Marina Cay is currently closed; no fuel, water or ice is available on the dock. The mooring field is untouched, but until the island is cleared and cleaned there are more attractive anchorages available. Scrub Island’s marina appears in relatively good shape but they are currently closed for assessment and repairs to the resort.
The Baths remain a 5-star attraction, as beautiful now as ever. Top of the Baths restaurant and bar is open and would make a great lunch stop.
We have not personally visited Virgin Gorda Yacht Harbor but we understand that no resources (dock space, power and water) are currently available for cruisers.
Anchorages up the leeward side of Virgin Gorda are still pleasant. These include Savannah Bay, Long Bay and Mountain Point.
Leverick Bay Resort & Marina has made a big effort to reopen the bar, restaurant, Chef’s Pantry supermarket and the spa. Leverick Bay is the only attraction currently open in North Sound. No word yet on Michael Bean’s legendary “Happy Arrr” show. The Sandbox, Bitter End Yacht Club, Saba Rock, Yacht Club Costa Smeralda and the Fat Virgin Café are all currently closed. Unless you have an appetite for viewing hurricane damage, we recommend sailing around Prickly Pear island to the North to visit Eustatia Sound.
At this date, Eustatia Sound is a good alternative to North Sound. It has several stunningly beautiful anchorages. Cruisers should transit this area slowly, in good light and with a lookout posted on the bow.
Anegada was spared the worst of Hurricane Irma and is quickly repairing the damage. The channel markers are not on their pre-storm station but do mark a safe channel into the mooring field.
We’re giving Anegada two thumbs up and recommending that visitors spend two nights here to allow a full day exploring ashore. Almost every bar and restaurant plans to reopen for the Anegada Lobster Festival in late November.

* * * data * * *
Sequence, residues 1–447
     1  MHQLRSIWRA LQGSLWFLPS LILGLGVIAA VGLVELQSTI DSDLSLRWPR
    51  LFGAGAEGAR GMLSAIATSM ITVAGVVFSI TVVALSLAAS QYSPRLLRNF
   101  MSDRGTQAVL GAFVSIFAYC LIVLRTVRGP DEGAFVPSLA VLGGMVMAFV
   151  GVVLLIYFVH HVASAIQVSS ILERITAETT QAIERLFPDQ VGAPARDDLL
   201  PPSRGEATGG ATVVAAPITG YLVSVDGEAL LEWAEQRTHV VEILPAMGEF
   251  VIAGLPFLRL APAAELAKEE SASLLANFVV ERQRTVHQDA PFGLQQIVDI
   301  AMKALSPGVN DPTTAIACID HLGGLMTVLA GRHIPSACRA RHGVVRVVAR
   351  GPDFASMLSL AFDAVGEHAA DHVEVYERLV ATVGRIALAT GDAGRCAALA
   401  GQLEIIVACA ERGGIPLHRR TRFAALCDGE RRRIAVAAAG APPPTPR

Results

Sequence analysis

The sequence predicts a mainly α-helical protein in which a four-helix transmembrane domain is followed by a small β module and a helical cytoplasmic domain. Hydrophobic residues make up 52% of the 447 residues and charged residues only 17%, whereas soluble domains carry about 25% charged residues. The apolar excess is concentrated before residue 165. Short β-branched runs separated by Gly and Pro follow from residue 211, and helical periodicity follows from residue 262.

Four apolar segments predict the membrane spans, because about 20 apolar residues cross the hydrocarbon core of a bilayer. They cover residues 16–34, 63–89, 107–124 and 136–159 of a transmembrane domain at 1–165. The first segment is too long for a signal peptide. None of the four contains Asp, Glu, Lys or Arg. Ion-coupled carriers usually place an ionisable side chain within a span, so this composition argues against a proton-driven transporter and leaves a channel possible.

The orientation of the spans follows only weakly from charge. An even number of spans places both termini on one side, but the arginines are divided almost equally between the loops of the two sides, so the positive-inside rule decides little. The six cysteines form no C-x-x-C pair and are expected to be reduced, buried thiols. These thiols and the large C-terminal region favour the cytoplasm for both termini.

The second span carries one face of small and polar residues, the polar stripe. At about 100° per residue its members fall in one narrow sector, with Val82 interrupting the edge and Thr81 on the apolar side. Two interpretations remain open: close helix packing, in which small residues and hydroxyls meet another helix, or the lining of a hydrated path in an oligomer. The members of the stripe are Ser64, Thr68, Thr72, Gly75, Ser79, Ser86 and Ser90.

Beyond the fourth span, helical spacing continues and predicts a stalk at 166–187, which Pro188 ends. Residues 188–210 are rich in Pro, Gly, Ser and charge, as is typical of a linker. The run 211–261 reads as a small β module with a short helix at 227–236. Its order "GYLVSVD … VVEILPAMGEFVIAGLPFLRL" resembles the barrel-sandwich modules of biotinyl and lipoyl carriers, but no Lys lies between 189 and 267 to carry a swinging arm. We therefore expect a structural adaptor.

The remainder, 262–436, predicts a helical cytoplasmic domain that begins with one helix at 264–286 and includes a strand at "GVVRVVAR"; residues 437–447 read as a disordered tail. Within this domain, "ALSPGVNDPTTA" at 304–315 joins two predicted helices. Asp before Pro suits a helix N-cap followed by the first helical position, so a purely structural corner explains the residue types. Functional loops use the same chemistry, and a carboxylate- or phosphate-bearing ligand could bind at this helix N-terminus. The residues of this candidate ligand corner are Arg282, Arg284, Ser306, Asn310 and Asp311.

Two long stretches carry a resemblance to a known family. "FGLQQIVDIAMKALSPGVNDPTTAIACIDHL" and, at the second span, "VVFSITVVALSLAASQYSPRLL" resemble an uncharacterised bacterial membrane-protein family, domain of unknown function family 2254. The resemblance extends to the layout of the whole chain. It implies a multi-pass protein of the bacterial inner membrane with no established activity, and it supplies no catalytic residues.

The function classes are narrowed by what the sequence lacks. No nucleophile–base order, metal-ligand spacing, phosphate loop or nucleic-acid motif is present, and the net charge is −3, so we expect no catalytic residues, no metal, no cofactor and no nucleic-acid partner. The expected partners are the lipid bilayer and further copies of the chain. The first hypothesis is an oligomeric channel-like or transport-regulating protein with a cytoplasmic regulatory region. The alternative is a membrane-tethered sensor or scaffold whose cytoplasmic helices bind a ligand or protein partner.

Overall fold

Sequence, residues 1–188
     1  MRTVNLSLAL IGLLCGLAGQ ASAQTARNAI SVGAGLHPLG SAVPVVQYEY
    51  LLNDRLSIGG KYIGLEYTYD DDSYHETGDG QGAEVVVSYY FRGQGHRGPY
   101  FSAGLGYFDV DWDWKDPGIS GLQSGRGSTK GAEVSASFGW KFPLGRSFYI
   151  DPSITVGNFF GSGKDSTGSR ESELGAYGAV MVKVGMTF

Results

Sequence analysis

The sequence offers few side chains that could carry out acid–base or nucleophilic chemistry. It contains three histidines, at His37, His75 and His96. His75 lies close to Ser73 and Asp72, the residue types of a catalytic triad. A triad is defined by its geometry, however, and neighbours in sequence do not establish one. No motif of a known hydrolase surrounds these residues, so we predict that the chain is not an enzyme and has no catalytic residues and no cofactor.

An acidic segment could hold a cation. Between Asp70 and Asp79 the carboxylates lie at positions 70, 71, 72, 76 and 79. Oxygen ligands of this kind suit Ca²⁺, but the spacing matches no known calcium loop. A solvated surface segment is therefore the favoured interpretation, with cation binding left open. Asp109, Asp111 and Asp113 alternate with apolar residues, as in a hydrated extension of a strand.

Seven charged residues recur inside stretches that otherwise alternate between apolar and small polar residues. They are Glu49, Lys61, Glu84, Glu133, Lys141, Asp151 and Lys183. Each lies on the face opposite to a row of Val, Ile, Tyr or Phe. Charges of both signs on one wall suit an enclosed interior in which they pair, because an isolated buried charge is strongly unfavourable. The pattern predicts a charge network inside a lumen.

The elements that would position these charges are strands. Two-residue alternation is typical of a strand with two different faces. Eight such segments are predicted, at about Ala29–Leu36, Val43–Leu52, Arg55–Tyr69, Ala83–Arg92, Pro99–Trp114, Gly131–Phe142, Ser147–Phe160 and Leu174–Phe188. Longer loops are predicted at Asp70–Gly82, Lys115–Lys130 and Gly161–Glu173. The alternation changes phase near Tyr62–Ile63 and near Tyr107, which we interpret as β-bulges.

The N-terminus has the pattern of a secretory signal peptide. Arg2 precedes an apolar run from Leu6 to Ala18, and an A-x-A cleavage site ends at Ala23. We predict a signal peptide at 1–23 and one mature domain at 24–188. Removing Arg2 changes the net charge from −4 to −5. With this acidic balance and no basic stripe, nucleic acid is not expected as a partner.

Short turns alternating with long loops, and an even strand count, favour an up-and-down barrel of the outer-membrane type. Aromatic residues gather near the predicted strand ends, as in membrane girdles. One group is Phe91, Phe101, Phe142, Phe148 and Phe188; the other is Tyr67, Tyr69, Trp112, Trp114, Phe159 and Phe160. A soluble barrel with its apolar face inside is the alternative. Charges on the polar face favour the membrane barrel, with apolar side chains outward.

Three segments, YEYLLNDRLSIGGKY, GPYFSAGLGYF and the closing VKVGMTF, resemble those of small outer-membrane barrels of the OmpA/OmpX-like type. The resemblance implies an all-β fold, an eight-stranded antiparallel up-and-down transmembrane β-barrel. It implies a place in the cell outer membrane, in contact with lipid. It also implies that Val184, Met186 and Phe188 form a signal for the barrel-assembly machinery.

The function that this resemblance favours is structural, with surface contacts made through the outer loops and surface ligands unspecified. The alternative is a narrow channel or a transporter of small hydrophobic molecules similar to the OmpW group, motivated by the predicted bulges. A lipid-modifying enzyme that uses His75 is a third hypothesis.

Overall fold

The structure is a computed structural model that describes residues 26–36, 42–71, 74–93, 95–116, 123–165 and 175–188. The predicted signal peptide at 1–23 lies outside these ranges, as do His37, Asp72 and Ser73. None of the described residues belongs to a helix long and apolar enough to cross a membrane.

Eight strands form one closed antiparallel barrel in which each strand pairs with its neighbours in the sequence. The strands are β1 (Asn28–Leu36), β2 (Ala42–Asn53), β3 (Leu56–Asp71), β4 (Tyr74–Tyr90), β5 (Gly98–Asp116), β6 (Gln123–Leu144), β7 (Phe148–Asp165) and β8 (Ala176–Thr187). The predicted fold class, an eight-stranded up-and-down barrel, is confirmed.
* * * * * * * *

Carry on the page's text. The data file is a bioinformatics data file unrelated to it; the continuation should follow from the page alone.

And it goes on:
Damage to the structures on Guana Island is visible from White Bay, where overnight moorings are available. National Park moorings are still in place at Monkey Point and snorkeling there is top-notch.
Cane Garden Bay, Tortola
There is lots of clearing up left to do in Cane Garden Bay. Myett’s is scheduled to reopen by December, until they do we are not aware of any services open for cruisers.
Sandy Spit & Little Jost Van Dyke
Sandy Spit is both a beautiful stop, though it’s too exposed for an overnight anchorage. The mooring balls at Diamond Cay are still present, though building debris from the site of Foxy’s Taboo and B-Line Bar can be seen over the land.
Jost Van Dyke
Your friend Foxy is ready for your visit, and other establishments on Jost Van Dyke are working hard to do so. Current residents of the BVI are gathering in White Bay each Sunday for a flotilla and beach party—the home of the Painkiller lives on.
Soper’s Hole suffered significant damage to homes and marinas. Mooring balls are present and BVI Customs and Immigration services are available. Omar’s Cafe and Pusser’s Landing are both open; between the two restaurants you can get breakfast, lunch and dinner daily.
It’s only been six weeks since the storms and the islanders have accomplished so much so far. Locations reported here will continue to change and improve. If your trip is planned in December 2017 or onwards, please search for current reports before adjusting your plans.
We personally envision many weeks of pleasant cruising in the BVI this season. Although there’s no denying that a massive hurricane season has knocked the islands down, they’re not out. Our interactions with service staff and local residents and have been incredible and you will surely feel a lift in your spirits when BVIslanders recognize you have chosen to spend your holiday with them.
Allende is a fully crewed yacht out of the BVIs owned and operated by Kristiann and Graham Gips. Our BVI base is open for business. For more information on booking a BVI charter, email us at firstname.lastname@example.org or give us a call at 010-850 4835.
Kristiann and Graham Gips, Owners and Crew of Allende